Wild Rice | Hand Parched
Country of Origin (subject to change):
Hand Parched Wild RiceThis wild rice from inland lakes in Canada, hand parched by Ojibwa Indians using traditional methods. Cook time approximately 15-20 minutes.
Most wild rice available in grocery stores across America is what is referred to as "paddy rice". This rice is grown similar to brown rice in rice paddies primarily located in California, but some production is done in Minnesota and other locations. It cooks uniformly and is consistently the same year after year because it is a cultivated, hybridized wild rice developed by the University of Minnesota. There is a huge difference between "real" wild rice and paddy rice. Wildly Organic does not sell any paddy rice. All rice found on this website is the "real McCoy".
"Real" wild rice grows wild in the clear cool lakes near our facilities. It is not genetically modified and has not been altered like most of the other grains available in the US. This wild rice requires just the right conditions to grow and only grows naturally in northern Minnesota and in Canada just north of us. The water has to be at a certain level, and it needs to flow slightly, but not too much so that it uproots the plants. The bottom of the lake needs to have rich humus, and the temperatures need to be like those you see in this area: COLD! Given those conditions, you can grow a wonderfully delicious, natural, wild rice (which is actually an aquatic grass with large seed heads).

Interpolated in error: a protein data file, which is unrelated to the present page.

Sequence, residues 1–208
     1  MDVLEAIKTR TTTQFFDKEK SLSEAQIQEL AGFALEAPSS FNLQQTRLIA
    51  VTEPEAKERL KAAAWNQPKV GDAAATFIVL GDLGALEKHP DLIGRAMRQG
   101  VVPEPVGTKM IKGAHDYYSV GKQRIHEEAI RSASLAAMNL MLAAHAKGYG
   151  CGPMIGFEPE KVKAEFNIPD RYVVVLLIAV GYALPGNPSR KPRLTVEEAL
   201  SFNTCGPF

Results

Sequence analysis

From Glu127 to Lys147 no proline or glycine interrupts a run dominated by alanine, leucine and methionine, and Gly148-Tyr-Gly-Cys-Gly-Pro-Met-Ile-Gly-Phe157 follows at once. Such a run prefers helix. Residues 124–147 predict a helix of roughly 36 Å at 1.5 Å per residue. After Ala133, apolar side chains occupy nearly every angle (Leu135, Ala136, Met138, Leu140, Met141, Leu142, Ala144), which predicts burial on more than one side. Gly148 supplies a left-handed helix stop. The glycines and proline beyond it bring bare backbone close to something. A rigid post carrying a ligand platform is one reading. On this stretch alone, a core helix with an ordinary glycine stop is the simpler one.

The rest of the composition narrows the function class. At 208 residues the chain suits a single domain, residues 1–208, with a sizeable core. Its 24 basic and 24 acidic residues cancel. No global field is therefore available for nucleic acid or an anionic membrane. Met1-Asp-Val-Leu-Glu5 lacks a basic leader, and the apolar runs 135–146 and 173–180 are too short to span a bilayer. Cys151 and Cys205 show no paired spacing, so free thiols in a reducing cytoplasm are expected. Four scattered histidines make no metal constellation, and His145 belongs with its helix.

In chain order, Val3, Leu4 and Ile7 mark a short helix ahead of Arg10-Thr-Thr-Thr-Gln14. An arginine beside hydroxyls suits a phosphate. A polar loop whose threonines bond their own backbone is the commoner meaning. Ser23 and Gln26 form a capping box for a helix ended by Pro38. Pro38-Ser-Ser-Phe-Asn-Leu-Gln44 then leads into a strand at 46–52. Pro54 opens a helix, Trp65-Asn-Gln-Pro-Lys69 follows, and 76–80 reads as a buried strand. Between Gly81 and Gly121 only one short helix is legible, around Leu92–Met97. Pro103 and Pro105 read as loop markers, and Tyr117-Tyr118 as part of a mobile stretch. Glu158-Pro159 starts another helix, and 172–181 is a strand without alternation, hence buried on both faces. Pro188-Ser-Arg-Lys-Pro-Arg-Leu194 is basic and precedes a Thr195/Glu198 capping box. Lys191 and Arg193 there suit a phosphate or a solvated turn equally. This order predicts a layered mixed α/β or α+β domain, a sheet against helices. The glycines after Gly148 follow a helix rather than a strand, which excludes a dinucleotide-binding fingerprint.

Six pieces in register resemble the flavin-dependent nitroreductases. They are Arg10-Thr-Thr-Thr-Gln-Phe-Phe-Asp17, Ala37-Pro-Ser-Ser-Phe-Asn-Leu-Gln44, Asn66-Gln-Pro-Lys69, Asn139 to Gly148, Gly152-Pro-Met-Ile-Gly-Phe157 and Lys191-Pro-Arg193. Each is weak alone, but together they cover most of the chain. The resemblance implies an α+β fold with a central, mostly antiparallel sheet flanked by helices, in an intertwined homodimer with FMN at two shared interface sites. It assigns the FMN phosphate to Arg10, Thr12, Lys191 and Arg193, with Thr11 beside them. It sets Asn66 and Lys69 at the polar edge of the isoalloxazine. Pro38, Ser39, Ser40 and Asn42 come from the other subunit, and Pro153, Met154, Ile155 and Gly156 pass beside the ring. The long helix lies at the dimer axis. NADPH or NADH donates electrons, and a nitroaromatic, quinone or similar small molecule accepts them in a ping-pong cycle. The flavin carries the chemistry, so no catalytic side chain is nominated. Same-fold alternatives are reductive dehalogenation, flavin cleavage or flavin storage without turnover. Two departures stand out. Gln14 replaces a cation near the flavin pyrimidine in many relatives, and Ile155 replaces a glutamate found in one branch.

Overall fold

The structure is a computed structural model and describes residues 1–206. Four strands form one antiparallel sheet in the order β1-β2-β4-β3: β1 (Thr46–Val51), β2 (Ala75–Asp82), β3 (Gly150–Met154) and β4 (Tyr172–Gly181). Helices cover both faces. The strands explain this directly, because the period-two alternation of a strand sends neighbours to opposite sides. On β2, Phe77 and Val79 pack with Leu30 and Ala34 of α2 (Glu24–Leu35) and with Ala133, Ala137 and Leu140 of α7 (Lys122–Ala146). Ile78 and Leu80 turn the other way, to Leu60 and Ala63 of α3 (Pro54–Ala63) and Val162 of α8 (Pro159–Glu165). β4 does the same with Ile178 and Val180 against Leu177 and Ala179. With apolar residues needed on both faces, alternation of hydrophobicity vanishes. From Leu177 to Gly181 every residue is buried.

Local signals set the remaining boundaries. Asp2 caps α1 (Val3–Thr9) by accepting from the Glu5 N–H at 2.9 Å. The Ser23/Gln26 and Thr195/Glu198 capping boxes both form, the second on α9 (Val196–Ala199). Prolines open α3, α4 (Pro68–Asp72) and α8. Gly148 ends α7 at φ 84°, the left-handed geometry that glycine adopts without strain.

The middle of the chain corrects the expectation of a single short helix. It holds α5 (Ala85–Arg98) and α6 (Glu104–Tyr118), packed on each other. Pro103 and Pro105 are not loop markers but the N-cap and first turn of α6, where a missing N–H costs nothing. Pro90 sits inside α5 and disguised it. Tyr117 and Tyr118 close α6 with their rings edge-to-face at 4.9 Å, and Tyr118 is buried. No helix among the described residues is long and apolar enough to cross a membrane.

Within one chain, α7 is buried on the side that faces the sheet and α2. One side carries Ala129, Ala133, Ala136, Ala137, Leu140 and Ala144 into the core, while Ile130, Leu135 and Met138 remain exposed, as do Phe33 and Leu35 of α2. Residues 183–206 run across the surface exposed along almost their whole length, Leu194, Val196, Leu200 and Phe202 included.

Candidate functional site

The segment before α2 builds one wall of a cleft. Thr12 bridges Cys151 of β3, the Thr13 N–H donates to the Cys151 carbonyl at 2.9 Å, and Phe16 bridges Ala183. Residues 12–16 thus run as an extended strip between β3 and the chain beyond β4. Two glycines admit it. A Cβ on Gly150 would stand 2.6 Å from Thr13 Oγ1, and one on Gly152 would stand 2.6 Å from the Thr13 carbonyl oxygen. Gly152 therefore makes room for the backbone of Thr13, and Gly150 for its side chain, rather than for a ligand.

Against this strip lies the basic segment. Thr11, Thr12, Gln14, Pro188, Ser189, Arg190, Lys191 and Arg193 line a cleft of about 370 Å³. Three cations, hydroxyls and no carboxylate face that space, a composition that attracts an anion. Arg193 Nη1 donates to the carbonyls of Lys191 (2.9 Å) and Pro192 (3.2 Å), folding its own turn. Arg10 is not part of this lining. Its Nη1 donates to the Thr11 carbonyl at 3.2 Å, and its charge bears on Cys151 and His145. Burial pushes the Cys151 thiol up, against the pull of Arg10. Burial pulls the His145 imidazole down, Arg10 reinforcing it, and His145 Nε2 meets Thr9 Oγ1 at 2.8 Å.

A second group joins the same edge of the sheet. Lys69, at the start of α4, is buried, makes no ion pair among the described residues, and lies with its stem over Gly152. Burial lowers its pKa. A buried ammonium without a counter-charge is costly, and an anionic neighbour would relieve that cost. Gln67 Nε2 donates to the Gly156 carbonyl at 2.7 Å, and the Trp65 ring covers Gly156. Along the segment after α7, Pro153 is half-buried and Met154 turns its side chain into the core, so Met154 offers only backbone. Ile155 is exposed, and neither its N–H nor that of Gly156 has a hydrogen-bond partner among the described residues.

Wild Rice, the real wild rice, will not grow in rice paddies nor can it be cultivated. This is a natural grain, native to Minnesota that is not a "farm crop" and cannot be "cultivated". While the hybridized "paddy rice" may resemble its ancestor, real wild rice is the ancestor. Like the ancient parents of many heirloom seeds and grains, this rice grows on non-depleted soils at the bottom of pristine lakes and is planted by "Mother Nature".
Once the rice is harvested it looks just like large, green, grass seed. These seeds are then parched to remove the husk and cause the starches inside the seed to restructure. Without the parching process, this grain (seed) would not cook into "rice" nor "puff" into the tender twisted, nutty-flavored strands that we love.
"Hand Parched" wild rice has been parched by Ojibwe Indians in a wood-fired parcher using their traditional methods. This wild rice results in a lighter colored wild rice than the Canadian Jumbo above. It also cooks much faster (15-20 minutes). Most Native Americans and many others prefer this type of wild rice. It is definitely the best choice if you live a fast-paced life or do not want to spend too much time in the kitchen. This rice is delicious, lighter in color than the Canadian Jumbo and possibly a bit less chewy and softer, though both types of wild rice are wonderfully delicious.
All three varieties of wild rice have great flavor and cook up light and fluffy. They can be substituted 100% for any other type of rice in a recipe and make a wonderful side dish.
Wild rice can be sprouted.